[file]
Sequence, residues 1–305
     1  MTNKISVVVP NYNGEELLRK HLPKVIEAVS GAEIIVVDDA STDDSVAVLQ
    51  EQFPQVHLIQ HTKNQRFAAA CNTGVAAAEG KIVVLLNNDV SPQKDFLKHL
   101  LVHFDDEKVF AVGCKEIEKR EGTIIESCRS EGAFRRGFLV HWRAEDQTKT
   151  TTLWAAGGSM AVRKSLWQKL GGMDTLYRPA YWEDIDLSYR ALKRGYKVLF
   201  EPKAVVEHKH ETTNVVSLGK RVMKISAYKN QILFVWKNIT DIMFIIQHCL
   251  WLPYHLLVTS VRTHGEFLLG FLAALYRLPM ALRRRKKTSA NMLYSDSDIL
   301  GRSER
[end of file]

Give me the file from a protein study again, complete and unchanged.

Sequence, residues 1–305
     1  MTNKISVVVP NYNGEELLRK HLPKVIEAVS GAEIIVVDDA STDDSVAVLQ
    51  EQFPQVHLIQ HTKNQRFAAA CNTGVAAAEG KIVVLLNNDV SPQKDFLKHL
   101  LVHFDDEKVF AVGCKEIEKR EGTIIESCRS EGAFRRGFLV HWRAEDQTKT
   151  TTLWAAGGSM AVRKSLWQKL GGMDTLYRPA YWEDIDLSYR ALKRGYKVLF
   201  EPKAVVEHKH ETTNVVSLGK RVMKISAYKN QILFVWKNIT DIMFIIQHCL
   251  WLPYHLLVTS VRTHGEFLLG FLAALYRLPM ALRRRKKTSA NMLYSDSDIL
   301  GRSER